Japan Nuclear Crisis: Officials Raise Severity Level to Equal Chernobyl

Japanese officials raise the severity level that equals the Chernobyl accident.

April 12, 2011, 1:11 AM

April 12, 2011— -- Japan's Nuclear and Industrial Safety Agency Tuesday raised the level of severity at the Fukushima Daiichi nuclear power plant from 5 to 7 – the highest level on the international scale and equal to the Chernobyl accident.

The agency says the level 7 ranking was made after the damaged reactors have been releasing large amounts of radioactive substances that pose a threat to humans and the environment in a much wider area.

"Level 5 is Three Mile Island. Level 7 is Chernobyl. This doesn't mean it's as bad as Chernobyl. But that's the last time I think 7 was used. It's the highest set by the IAEA (International Atomic Energy Agency)," said physicist Michio Kaku.

Hidehiko Nishiyama with the Nuclear and Industrial Safety Agency (NISA) said the radiation from Fukushima equals about 10 percent of what was released after the Chernobyl accident in 1986.

Nishyama said that the Fukushima event is different from Chernobyl, where a nuclear reactor in Ukraine exploded and sent massive amounts of radiation into atmosphere.

"In the case of Chernobyl, there were many acute radiation injuries reported, 29 people died and in Fukushima's case we have not seen such a situation arise yet," he said.

Operator Tokyo Electric Power Company (TEPCO) has tried to stabilize the nuclear reactor since the magnitude 9.0 quake and tsunami damaged the plant March 11.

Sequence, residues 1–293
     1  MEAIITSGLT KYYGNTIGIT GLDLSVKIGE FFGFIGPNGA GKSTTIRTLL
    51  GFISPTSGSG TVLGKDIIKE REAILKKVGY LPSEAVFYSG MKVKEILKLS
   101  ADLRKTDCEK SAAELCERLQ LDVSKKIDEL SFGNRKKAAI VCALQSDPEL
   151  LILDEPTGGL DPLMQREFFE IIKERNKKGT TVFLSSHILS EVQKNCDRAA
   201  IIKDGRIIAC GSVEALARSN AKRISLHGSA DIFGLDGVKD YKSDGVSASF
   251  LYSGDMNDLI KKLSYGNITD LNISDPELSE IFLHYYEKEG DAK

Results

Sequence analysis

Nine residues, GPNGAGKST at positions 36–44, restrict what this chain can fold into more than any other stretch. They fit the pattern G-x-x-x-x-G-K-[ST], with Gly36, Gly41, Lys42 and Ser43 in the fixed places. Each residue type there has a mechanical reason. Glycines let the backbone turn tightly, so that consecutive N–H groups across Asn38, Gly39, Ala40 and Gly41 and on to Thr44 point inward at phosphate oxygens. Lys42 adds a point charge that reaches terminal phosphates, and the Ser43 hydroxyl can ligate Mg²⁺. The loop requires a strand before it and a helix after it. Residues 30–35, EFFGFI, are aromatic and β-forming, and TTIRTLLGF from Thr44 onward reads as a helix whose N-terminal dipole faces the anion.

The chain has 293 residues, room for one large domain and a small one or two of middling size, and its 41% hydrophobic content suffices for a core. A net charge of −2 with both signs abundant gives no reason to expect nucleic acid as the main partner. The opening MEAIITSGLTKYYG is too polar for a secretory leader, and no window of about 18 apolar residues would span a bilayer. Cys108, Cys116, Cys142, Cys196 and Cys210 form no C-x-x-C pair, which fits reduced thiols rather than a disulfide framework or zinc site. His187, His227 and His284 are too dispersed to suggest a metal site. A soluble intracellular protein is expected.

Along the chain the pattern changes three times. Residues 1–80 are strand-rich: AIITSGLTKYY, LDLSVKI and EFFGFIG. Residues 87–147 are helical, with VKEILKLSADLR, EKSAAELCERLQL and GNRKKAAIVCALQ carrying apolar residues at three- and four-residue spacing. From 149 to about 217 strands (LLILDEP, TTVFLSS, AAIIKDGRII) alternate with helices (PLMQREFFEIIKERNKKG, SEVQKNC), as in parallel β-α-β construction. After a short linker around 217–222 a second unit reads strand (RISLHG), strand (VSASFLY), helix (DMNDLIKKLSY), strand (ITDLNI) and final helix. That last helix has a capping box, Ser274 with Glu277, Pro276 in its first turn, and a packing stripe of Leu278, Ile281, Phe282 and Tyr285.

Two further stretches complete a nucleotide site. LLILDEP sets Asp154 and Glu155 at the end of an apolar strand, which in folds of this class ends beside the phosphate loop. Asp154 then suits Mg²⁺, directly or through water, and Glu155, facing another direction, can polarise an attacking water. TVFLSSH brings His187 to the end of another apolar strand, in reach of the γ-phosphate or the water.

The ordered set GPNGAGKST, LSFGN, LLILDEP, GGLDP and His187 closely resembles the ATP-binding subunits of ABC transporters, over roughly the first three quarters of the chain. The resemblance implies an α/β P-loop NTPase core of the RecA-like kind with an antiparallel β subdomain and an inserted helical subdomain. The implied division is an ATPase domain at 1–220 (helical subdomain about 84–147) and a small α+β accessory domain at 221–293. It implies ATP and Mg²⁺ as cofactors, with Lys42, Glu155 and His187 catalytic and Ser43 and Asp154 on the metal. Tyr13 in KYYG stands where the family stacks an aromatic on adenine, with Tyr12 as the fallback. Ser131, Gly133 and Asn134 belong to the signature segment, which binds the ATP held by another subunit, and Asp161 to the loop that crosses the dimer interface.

Earlier, the Nuclear and Industrial Safety Agency ranked the severity of the Fukushima situation to level 5 on March 18.

At a news conference Tuesday, Nishiyama said after reviewing the radiation amount released since the initial assessment of radioactive iodine-131 and cesium-137, officials decided that the incident should be categorized as a level 7.

"The announcement is being made now because it became possible to look at and check the accumulated data assessed in two different ways," Nishiyama said, in reference to measurements from NISA and the Nuclear Security Council, the Associated Press reported.

The new categorization comes after TEPCO workers put out a small fire at a switchbox that contained batteries in the complex early Tuesday morning, according to a news release.

It was unclear whether the blaze was sparked by a 6.3 aftershock that hit about 48 miles off shore from Tokyo Tuesday.

"The fire was extinguished immediately. It has no impact on Unit 4's cooling operations for the spent fuel rods," said TEPCO spokesman Naoki Tsunoda told the Associated Press.

On Monday, a month after the quake and tsunami, northeast Japan was hit by a 6.6 aftershock.

Officials have been trying to repair the Fukushima plant reactor's cooling system which was damaged after last month's quake.

Experts said the Fukushima crisis will likely not be resolved anytime soon.

"In the best case, we're looking at this plant continuing to leak radiation for months, perhaps, years. It's going to be a long, expensive decommissioning of the plant and a cleanup of the plant," ABC nuclear consultant Joe Cirincione told ABC News Radio.

TEPCO workers were briefly evacuated Monday but reported that there are no damage or irregularities at the complex.

Last week, the same region was rocked by a 7.1 quake that which closed two Japanese nuclear plants and triggered a tsunami warning.

On Monday, officials said people living in five areas 20 miles from Fukushima should leave within a month, the Associated Press reported. Earlier, residents within 12 miles of the plant have been told to evacuate.

In a televised speech on Tuesday, Prime Minister Naoto Kan told people to take things day by day and are not at the point to "let our guards down."

"Right now, the situation of the nuclear reactors at the Fukushima plant has been stabilizing step by step. The amount of radiation leaks is on the decline," Kan said.

ABC News' Akiko Fujita and the Associated Press contributed to this report.

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